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Contracts of Sale and a Real Estate Agent’s Duty of Care

This last September, the Alberta Court of Queen’s Bench articulated the level of skill and care expected of real estate agents when handling their clients’ affairs. Particularly, it discussed the expectations held when advising clients of the meaning and effects of different provisions in a contract of sale.

In Alvas v Barrett, the vendors of a home (the Alvases) sued the Barretts for breach of contract. The Barretts had entered into a contract with the Alvases to purchase their home. The contract included a financing condition, which allowed the Barretts to be free from contractual obligations if they were unable to obtain financing for the new home. RBC approved the Barretts for a $460,000 mortgage, but this was conditional on the sale of the Barretts’ old home. If the Barretts were unable to sell their old home, they would be unable to obtain financing and unable to purchase the new home from the Alvases.

Unfortunately, the Barretts waived the financing condition before they were able to sell their old home. The old home never sold and they were unable to obtain financing to buy the new home. The Barretts were, therefore, unable to close the purchase. Because they had waived the financing condition, they were sued by the Alvases for breach of contract. Due to a subsequent local housing market crash, the Alvases sold their house for significantly less than what the Barretts had agreed to pay. The Barretts were therefore liable for the Alvases’ loss, amounting to $67,175.99.

The Barretts then turned around and sued their real estate agent for negligently advising them throughout their ordeal.

The Alberta Court of Queen’s Bench agreed with the Barretts, finding their real estate agent liable for negligence in handling the transaction. The Court described the standard of care expected of real estate agents to “include[e] providing specific information to purchasers that in the event they do not fulfill their obligations under the contract, the purchasers risk not only losing their deposit but also any difference in price between what the Buyer’s agreed to purchase the property for, and the price the sellers ultimately receive if the sellers have to resell their property.”

The Court found the real estate agent negligent on three counts:

First, she failed to advise the Barretts, before they waived the financing condition, that they could be liable to lose more than just their deposit if they failed to close the contract. Instead she told them that “she had never heard of people getting sued, and the Alvases would just remarket the property.”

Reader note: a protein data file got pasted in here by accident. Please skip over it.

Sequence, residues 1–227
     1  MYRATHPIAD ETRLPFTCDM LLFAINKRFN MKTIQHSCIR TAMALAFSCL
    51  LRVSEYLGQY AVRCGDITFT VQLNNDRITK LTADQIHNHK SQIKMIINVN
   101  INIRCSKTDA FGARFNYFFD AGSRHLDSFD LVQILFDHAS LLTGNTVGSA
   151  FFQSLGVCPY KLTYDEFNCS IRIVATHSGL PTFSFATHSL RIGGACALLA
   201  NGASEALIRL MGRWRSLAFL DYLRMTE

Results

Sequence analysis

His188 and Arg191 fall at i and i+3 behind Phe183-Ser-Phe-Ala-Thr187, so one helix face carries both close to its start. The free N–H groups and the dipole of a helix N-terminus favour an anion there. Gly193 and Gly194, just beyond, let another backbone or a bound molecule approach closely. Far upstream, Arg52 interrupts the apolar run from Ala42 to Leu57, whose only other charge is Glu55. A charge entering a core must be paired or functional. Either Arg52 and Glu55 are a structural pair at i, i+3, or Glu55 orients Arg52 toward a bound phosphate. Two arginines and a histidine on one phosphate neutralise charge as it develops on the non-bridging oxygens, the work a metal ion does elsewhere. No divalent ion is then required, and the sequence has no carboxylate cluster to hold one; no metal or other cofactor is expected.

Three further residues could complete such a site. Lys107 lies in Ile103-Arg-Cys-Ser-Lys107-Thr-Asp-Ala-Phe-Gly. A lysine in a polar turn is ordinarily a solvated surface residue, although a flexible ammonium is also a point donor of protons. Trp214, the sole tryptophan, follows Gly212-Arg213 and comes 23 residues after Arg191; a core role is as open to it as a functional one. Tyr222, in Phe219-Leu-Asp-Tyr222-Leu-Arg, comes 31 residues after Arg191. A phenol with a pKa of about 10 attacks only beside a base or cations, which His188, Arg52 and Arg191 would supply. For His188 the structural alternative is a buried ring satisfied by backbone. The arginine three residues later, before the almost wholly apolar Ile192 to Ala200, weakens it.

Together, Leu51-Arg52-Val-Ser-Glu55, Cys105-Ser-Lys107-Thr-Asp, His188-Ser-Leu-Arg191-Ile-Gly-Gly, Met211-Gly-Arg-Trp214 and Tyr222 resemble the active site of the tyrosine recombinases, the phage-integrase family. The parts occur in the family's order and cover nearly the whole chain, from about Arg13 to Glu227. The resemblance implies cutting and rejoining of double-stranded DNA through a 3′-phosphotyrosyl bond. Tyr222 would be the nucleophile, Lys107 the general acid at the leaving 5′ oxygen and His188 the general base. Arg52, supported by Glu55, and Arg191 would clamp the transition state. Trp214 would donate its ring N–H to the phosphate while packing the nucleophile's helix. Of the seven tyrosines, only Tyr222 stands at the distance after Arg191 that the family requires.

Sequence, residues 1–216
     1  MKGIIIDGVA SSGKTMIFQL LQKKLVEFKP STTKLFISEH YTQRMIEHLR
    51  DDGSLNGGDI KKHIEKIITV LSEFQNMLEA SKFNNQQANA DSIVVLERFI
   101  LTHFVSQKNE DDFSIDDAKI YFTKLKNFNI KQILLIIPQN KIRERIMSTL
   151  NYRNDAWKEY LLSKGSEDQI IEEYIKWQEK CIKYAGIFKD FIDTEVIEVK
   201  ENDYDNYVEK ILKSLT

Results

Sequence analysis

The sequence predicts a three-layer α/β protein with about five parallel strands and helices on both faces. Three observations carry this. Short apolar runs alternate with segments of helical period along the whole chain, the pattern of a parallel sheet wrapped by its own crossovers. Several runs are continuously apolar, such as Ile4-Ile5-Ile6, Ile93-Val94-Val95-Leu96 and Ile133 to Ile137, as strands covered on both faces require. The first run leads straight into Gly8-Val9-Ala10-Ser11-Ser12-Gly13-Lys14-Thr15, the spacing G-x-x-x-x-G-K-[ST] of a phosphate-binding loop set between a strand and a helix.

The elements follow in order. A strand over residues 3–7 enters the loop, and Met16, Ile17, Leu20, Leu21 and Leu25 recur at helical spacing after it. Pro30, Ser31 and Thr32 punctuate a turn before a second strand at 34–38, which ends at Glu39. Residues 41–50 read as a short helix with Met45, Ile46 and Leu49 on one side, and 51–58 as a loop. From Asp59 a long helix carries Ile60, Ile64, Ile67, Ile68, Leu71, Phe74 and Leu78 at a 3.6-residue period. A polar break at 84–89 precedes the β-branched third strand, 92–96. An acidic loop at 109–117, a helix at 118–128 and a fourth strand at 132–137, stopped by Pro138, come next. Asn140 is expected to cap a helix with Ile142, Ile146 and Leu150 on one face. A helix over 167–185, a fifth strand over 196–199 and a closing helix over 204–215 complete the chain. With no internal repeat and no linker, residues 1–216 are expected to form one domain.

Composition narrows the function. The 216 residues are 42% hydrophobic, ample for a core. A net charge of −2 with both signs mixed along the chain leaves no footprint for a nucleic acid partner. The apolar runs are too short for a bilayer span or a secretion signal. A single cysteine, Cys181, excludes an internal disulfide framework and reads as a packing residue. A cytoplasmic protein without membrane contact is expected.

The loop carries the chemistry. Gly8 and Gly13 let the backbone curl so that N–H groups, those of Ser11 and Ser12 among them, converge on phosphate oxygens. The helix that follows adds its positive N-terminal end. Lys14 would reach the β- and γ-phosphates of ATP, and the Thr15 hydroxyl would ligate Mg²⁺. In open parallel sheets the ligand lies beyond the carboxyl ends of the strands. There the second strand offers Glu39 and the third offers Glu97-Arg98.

Second, she neglected to carefully review the provisions of the offer to purchase with the Barretts before submitting the offer to the Alvases.

Third, she failed to explain the risks of submitting an offer without a Sale of Buyer’s Home Condition, which would have protected the Barretts from liability if they were unable to sell their old home. This omission was particularly egregious, since the agent knew the Barretts could not close the contract unless they sold their old home. The agent was so confident in the old home’s ability to be sold that she warned against including the condition, fearing it would make the Barretts’ offer less appealing to the Alvases.

The Alvas v Barrett decision provides important insight into the standard of care expected of real estate agents, particularly with regards to contracts of sale. The Court noted that potential buyers rely on agents’ expertise and recommendations as to what to include in an offer to purchase and which conditions to later waive. It found it to be an agent’s responsibility “to provide clear, timely and fulsome advice with respect to the provisions of the…Contract,” as well as the risks faced for failure to close.

Real estate agents ought to be aware that they have a duty of exercising skill and care when advising what conditions to include and what conditions to waive in an offer to purchase. The Alvas v Barrett decision clearly indicates that real estate agents are expected to understand the meaning of provisions in contracts of sale. They also have a duty to be aware of and advise their clients of any consequences that may ensue if their clients fail to close.

For more information or questions about real estate transactions or a specific situation, please contact one of our lawyers.

Notice: The articles on our website are provided for general information purposes only and should not be relied upon as legal advice or opinion. They reflect the current state of the law as at the date of posting on the website, and are subject to change without notice. If you require legal advice or opinion, we would be pleased to provide you with our assistance on any of the issues raised in these articles.

 
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